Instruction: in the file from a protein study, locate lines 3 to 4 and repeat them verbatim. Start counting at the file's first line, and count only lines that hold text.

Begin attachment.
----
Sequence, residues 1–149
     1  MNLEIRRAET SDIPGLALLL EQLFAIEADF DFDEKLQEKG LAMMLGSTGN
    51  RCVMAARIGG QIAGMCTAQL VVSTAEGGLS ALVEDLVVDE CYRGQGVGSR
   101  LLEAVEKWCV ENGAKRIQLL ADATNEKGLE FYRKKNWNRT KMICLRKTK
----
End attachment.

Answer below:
    51  RCVMAARIGG QIAGMCTAQL VVSTAEGGLS ALVEDLVVDE CYRGQGVGSR
   101  LLEAVEKWCV ENGAKRIQLL ADATNEKGLE FYRKKNWNRT KMICLRKTK